While there is no treatment for the intellectual disabilities, there are a few things that can help. Children do better when they have frequent sessions of speech therapy and special help or tutoring with school subjects. Occupational therapy or physical therapy may also help teach children self-help skills. Behavioral problems, like ADHD, refusal to eat, or temper tantrums, can be treated with medication or with behavioral therapy.

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Clinical Trials and Studies

Information on current clinical trials is posted on the Internet at https://clinicaltrials.gov/ All studies receiving U.S. Government funding, and some supported by private industry, are posted on this government web site.

For information about clinical trials being conducted at the NIH Clinical Center in Bethesda, MD, contact the NIH Patient Recruitment Office:

Tollfree: (800) 411-1222
TTY: (866) 411-1010
Email: [email protected]

Some current clinical trials also are posted on the following page on the NORD website:

For information about clinical trials sponsored by private sources, contact: http://www.centerwatch.com/

For information about clinical trials conducted in Europe, contact: https://www.clinicaltrialsregister.eu/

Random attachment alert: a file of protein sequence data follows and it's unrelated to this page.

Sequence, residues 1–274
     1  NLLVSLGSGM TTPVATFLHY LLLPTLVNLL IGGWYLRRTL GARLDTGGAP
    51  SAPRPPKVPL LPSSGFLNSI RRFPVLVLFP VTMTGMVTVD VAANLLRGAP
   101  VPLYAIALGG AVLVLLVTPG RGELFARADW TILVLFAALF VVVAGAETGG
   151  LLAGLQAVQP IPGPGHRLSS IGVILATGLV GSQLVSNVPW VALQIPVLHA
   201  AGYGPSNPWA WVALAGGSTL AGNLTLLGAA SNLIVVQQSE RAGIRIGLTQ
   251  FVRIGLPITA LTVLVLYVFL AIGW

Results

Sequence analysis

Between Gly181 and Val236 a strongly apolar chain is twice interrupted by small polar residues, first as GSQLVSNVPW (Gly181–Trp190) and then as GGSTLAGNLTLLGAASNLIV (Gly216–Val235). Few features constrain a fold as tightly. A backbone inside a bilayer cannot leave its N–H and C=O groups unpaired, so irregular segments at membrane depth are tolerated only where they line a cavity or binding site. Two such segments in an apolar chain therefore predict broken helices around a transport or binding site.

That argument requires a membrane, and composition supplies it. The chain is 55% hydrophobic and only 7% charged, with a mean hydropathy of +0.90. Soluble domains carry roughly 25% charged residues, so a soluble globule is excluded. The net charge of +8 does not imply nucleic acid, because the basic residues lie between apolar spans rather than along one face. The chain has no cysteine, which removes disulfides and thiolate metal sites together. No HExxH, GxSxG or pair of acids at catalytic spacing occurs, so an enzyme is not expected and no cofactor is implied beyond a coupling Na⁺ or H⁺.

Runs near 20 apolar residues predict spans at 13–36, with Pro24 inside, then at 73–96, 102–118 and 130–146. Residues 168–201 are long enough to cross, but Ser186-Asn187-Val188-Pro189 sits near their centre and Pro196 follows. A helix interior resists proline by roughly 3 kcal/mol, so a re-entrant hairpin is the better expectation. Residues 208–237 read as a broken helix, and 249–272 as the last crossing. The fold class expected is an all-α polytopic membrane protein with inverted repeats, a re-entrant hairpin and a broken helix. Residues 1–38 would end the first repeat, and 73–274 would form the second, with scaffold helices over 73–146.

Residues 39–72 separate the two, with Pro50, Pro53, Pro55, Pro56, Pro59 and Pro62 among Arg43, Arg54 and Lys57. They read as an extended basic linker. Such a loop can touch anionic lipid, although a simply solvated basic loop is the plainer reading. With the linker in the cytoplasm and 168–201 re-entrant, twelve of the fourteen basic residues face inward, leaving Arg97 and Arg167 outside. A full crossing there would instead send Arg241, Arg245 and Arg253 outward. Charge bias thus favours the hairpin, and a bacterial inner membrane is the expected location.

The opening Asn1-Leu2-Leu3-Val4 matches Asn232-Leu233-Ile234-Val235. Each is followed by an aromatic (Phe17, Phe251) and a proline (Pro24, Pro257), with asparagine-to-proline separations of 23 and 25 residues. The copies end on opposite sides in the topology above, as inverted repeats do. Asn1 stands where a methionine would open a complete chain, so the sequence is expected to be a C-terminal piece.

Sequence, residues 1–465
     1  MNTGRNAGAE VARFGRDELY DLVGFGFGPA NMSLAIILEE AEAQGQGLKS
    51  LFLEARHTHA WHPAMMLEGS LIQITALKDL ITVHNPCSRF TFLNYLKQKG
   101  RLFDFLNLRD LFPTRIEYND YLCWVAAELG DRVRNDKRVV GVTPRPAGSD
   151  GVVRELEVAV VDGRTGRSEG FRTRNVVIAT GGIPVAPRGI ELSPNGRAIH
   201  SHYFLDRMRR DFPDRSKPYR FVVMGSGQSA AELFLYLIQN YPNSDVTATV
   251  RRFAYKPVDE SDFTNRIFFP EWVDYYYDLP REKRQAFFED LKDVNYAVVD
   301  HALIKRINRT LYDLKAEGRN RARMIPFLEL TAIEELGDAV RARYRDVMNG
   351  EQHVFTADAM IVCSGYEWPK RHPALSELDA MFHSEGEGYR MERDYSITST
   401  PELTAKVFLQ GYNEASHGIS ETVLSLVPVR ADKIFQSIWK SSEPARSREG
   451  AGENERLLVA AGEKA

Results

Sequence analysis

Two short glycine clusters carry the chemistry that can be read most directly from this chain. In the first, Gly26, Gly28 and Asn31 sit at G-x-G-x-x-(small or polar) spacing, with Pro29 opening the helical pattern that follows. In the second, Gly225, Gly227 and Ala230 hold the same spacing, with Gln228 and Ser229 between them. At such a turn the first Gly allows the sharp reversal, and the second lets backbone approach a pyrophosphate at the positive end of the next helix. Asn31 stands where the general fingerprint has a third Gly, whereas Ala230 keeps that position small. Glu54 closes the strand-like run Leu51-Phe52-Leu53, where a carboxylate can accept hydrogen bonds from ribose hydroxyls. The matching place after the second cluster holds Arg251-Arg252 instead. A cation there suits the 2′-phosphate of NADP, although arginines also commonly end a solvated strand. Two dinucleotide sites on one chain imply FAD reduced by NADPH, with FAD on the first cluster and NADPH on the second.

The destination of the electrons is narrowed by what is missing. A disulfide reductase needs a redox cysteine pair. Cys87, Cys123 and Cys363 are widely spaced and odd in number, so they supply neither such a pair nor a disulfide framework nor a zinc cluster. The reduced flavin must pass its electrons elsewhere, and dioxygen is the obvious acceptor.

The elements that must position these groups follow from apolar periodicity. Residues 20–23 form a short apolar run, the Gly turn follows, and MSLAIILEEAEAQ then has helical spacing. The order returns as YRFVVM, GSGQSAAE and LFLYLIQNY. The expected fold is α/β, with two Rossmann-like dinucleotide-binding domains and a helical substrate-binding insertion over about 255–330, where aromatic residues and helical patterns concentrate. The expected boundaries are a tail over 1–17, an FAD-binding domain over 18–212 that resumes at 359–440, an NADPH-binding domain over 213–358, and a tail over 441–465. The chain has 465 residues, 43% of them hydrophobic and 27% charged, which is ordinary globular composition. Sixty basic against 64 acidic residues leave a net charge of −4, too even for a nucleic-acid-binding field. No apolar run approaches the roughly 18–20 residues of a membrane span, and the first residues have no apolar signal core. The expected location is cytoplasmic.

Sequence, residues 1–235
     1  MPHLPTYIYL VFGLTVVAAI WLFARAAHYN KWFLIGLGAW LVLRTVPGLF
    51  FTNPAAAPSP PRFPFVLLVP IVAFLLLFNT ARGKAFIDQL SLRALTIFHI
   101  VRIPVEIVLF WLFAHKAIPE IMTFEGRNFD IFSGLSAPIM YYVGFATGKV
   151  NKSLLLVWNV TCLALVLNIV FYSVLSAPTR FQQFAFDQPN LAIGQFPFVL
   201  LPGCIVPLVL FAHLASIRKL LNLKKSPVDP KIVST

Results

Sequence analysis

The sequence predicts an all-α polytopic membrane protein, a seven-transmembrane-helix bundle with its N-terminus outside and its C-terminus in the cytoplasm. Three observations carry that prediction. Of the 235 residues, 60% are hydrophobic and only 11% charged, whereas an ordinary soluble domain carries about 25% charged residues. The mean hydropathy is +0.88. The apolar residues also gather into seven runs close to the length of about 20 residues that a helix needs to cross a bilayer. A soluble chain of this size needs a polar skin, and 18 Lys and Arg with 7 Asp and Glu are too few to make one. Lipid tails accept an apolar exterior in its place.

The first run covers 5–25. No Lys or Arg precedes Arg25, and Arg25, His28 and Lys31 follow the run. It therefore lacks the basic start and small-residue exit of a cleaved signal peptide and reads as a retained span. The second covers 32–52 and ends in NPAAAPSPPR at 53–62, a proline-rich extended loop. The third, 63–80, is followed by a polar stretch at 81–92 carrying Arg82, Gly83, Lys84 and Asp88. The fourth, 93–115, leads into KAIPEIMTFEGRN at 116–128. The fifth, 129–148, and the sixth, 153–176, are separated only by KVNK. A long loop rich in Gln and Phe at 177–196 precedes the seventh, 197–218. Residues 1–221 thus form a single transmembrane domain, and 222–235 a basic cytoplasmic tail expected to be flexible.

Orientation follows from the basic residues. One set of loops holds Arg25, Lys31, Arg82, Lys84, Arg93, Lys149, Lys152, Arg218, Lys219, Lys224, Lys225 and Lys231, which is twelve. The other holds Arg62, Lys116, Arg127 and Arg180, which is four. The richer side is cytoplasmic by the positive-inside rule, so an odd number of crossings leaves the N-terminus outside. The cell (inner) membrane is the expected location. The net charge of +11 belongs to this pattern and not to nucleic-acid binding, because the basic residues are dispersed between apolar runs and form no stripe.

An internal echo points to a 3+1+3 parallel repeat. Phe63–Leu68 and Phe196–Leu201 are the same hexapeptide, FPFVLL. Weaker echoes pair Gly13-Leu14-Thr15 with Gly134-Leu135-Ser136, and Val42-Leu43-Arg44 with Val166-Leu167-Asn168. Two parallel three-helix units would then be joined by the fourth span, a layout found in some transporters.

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Opitz JM. Dubowitz Syndrome. NORD Guide to Rare Disorders. Lippincott Williams & Wilkins. Philadelphia, PA. 2003:179-80.

Urquhart JE, Williams SG, Bhashkar SS, Bowers N, Clayton-Smith J, Newman WG. Deletion of 19q13 reveals clinical overlap with Dubowitz syndrome. Journal of Human Genetics. 2015; 60: 781-5.

Urquhart JE, Williams SG, Bhashkar SS, Bowers N, Clayton-Smith J, Newman WG. Deletion of 19q13 reveals clinical overlap with Dubowitz syndrome. Journal of Human Genetics. 2015; 60: 781-5.

Chehade C, Awwad J, Yazbeck N, Majdalani M, Wakim R, Tfayli H, et al. Dubowitz syndrome: common findings and peculiar urine odor. Application of Clinical Genetics. 2013; 6: 87-90.